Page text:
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Bolstering Bioinformatics Chops, Ontario Institute of Cancer Research Plans to Double Staff in Two Years

NEW YORK (GenomeWeb News) — The Ontario Institute of Cancer Research plans to nearly double its research staff over the next two years as it gears up to create a bioinformatics infrastructure to accommodate planned sequencing research, according to an institute official.
Last year, the Government of Ontario funneled the equivalent of $350 million into the Toronto-based institute, which, having grown out of the Ontario Cancer Research Network, aims to translate cancer research into drugs and new technologies.
Now its director, Tom Hudson, is pointing the center toward informatics. The OICR has already lured Cold Spring Harbor Laboratory heavyweight Lincoln Stein to run its bioinformatics efforts. Stein will come on board part-time Sept. 10 and will be a full-timer in 2009.
Francis Ouellette, former director of the University of British Columbia’s Bioinformatics Center, started at the OICR earlier this month as Stein’s second in command.
In an interview with GenomeWeb Daily News this week, Hudson, who created the McGill University and Genome Quebec Innovation Centre, said he hired Stein because he needed someone with a “big vision” to put all the people together necessary for the cancer center’s informatics plans.
“The idea of a clinical impact [attracted him],” Hudson said.
That impact has attracted almost 40 others since the institute opened last year. It currently employs 57 people, according to Hudson, who said that number will grow to more than 100 over the next two years with slots filled for biology, epidemiology, bioinformatics, and computer science.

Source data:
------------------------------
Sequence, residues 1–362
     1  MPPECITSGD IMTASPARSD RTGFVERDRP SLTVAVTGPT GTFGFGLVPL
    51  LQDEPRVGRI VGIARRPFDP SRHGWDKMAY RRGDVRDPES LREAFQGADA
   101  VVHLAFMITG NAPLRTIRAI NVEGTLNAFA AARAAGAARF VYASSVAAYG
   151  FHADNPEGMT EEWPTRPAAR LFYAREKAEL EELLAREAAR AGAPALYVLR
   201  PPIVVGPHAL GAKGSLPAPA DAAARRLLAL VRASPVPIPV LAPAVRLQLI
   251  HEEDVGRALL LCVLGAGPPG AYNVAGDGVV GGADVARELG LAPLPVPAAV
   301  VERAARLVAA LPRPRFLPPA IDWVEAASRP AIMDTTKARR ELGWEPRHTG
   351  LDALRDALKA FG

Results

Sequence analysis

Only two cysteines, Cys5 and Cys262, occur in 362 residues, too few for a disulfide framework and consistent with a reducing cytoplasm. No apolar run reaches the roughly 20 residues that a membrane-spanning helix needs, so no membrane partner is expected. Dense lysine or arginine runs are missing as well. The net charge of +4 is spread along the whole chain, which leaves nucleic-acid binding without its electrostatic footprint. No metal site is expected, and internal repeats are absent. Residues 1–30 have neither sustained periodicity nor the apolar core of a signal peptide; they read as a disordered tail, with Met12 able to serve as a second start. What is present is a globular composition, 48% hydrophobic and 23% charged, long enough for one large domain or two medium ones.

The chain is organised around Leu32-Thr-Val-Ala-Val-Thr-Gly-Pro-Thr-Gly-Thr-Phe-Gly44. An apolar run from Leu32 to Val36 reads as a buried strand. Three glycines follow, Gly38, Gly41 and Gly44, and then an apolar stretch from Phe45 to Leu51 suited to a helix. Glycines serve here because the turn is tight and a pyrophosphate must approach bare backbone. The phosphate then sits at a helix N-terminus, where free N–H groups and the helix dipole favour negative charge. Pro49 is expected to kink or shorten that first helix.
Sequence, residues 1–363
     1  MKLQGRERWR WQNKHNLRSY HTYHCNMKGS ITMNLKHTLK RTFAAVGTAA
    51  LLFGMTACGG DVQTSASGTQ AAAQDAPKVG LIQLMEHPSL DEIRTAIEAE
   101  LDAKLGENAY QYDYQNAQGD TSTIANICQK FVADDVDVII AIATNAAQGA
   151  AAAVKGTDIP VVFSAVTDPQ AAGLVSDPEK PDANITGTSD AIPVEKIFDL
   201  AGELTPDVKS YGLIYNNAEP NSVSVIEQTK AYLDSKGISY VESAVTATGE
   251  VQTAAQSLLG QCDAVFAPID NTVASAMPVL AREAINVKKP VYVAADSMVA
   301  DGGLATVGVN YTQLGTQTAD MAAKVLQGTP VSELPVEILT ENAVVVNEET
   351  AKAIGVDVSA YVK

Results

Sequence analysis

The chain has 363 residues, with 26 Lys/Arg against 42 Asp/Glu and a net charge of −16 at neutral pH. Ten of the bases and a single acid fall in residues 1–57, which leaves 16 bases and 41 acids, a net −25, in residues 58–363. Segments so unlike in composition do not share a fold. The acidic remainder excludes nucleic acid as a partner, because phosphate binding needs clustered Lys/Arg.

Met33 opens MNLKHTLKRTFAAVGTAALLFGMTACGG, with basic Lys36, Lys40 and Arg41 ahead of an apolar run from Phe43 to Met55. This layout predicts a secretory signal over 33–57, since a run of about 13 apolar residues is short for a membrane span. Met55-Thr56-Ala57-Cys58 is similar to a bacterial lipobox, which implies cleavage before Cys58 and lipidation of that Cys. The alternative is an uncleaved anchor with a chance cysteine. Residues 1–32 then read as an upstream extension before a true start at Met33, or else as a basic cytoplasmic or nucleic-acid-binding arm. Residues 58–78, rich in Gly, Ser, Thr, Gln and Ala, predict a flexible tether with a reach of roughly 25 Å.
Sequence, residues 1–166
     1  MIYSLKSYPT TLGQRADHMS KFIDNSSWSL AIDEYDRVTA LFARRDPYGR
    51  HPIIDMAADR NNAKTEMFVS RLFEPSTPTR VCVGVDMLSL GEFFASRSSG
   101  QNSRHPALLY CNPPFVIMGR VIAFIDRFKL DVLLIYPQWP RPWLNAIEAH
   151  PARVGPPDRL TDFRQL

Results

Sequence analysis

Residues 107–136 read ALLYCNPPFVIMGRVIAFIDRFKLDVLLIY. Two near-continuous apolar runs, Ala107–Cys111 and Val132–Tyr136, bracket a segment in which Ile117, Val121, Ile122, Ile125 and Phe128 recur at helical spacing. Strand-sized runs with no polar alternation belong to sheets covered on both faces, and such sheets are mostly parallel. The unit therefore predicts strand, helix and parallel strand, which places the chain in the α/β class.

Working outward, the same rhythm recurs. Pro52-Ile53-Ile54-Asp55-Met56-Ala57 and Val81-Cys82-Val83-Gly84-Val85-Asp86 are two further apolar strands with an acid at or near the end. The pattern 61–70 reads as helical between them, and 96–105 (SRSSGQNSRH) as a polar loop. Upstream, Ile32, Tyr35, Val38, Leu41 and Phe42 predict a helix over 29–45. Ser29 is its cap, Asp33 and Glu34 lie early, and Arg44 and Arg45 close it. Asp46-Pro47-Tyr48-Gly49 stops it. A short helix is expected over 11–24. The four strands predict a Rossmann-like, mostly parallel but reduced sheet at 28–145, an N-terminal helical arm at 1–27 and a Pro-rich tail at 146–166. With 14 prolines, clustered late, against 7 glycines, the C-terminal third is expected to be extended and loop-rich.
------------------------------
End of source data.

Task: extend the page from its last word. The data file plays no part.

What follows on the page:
So far, there are eight spots filled in the center’s Informatics and BioComputing department, which Stein oversees. Six more have been hired, including four sequencing technicians who start Aug. 27, Hudson said.
The cancer center is set up to accommodate a 16-node cluster, with tools provided by IBM, and has a 300-square-foot room set aside to house its server, according to Hudson. He said the facility spent around CA$1 million dollars on computer equipment.
Ouellette said he “set up the software and database and [will] develop the software development environment” to support Illumina’s sequencing platform, which the institute will employ .He added that the institute has to build more room and recruit systems and database people to enable the efforts.
“[There] will be a lot of data generated and processed, so we will buy hardware for storing and processing,” he told GenomeWeb Daily News. “Right now, we are calling around for quotes.”

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